Ursula K. Le Guin, Dancing at the Edge of the World: Thoughts on Words, Women, Places

Jarod Kintz
“I speak the language of love. That’s right, I speak Russian.”
Jarod Kintz, This Book Has No Title

Seamus Heaney
“Sink every impulse like a bolt. Secure
The bastion of sensation. Do not waver
Into language. Do not waver in it.”
Seamus Heaney

Lewis Carroll
“Alice thought to herself, 'Then there's no use in speaking.' The voices didn't join in this time, as she hadn't spoken, but to her great surprise, they all thought in chorus (I hope you understand what thinking in chorus means--for I must confess that I don't), 'Better say nothing at all. Language is worth a thousand pounds a word!”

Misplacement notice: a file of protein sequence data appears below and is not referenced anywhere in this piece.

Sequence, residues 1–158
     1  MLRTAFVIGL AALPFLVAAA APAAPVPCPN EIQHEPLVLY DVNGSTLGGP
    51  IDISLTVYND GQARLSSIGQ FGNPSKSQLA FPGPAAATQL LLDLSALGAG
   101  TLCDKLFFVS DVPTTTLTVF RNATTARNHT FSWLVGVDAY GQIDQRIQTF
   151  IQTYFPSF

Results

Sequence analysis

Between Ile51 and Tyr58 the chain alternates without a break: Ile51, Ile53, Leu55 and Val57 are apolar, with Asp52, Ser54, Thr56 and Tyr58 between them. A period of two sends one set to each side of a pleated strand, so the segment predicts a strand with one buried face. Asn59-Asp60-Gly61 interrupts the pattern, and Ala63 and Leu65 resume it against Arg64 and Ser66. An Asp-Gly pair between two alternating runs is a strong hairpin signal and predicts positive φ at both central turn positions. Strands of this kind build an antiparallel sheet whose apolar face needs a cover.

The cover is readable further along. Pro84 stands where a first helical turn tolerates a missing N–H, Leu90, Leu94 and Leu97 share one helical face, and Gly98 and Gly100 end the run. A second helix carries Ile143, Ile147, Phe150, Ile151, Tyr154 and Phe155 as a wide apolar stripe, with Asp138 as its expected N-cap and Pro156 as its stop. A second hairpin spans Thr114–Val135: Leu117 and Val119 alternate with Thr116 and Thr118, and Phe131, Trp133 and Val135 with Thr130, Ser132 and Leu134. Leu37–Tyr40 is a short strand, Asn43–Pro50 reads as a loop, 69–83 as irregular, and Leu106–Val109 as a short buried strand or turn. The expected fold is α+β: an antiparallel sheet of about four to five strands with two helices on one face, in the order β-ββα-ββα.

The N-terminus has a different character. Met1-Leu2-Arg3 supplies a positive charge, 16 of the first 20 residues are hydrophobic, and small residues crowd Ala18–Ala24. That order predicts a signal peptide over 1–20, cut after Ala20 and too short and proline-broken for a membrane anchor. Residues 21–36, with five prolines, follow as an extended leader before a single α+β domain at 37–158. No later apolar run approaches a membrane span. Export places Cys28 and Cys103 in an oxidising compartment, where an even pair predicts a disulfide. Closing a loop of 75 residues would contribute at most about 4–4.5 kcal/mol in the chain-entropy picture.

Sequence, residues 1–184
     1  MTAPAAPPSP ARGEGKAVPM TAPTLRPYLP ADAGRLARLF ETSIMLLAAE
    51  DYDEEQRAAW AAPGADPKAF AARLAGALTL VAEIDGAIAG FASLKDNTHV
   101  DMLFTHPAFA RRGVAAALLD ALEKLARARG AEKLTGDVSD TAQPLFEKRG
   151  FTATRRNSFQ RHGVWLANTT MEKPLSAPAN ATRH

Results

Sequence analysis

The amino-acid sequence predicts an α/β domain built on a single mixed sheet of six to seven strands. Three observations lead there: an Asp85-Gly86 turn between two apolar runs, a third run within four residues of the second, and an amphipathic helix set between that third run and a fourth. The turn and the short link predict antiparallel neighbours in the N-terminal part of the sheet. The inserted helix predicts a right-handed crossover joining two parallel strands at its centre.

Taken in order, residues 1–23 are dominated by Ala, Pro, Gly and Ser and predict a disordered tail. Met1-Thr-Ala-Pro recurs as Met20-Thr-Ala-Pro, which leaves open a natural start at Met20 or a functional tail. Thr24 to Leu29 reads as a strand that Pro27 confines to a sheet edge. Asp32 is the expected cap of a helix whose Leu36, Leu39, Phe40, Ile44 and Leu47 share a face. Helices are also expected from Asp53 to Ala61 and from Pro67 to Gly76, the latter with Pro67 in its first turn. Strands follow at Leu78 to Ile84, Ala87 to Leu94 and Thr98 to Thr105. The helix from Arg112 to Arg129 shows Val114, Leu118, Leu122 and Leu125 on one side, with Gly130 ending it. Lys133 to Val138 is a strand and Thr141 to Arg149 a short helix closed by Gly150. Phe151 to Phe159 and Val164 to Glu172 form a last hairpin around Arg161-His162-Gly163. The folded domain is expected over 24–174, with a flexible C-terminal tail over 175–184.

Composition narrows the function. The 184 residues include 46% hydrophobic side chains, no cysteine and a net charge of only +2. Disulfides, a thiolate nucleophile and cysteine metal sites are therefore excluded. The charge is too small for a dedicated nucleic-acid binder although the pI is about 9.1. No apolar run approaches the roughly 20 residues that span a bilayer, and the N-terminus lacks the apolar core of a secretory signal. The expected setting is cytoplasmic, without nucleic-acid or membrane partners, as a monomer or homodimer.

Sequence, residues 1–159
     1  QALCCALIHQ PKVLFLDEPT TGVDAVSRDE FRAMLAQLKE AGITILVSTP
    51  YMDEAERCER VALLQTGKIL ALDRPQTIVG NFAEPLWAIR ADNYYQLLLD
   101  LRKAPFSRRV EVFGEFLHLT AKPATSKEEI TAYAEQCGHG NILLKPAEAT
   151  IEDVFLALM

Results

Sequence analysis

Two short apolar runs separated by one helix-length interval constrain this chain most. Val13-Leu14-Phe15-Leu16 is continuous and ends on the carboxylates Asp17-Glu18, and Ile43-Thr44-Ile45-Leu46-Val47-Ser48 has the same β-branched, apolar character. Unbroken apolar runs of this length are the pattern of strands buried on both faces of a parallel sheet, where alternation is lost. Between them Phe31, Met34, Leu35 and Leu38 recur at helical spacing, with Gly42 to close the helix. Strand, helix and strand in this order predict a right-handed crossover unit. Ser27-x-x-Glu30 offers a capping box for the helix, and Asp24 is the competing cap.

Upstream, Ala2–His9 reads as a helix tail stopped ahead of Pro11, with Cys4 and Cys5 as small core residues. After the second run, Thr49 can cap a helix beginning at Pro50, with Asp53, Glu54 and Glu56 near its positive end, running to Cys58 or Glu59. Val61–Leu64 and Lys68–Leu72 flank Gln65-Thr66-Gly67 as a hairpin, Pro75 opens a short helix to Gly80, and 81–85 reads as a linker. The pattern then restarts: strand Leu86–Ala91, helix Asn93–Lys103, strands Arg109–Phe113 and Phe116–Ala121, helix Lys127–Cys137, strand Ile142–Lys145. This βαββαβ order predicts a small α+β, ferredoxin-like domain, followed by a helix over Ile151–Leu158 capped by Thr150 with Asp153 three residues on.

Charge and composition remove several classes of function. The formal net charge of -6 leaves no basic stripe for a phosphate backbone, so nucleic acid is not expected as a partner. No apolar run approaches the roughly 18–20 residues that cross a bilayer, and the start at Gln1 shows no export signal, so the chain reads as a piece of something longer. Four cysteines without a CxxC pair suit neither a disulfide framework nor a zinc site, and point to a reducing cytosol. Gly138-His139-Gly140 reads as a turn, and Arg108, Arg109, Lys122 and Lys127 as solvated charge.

Lewis Carroll, Alice's Adventures in Wonderland & Through the Looking-Glass

Dan Simmons
“Words bend our thinking to infinite paths of self-delusion, and the fact that we spend most of our mental lives in brain mansions built of words means that we lack the objectivity necessary to see the terrible distortion of reality which language brings.”
Dan Simmons, Hyperion

John Dewey
“Every one has experienced how learning an appropriate name for what was dim and vague cleared up and crystallized the whole matter. Some meaning seems distinct almost within reach, but is elusive; it refuses to condense into definite form; the attaching of a word somehow (just how, it is almost impossible to say) puts limits around the meaning, draws it out from the void, makes it stand out as an entity on its own account.”
John Dewey, How We Think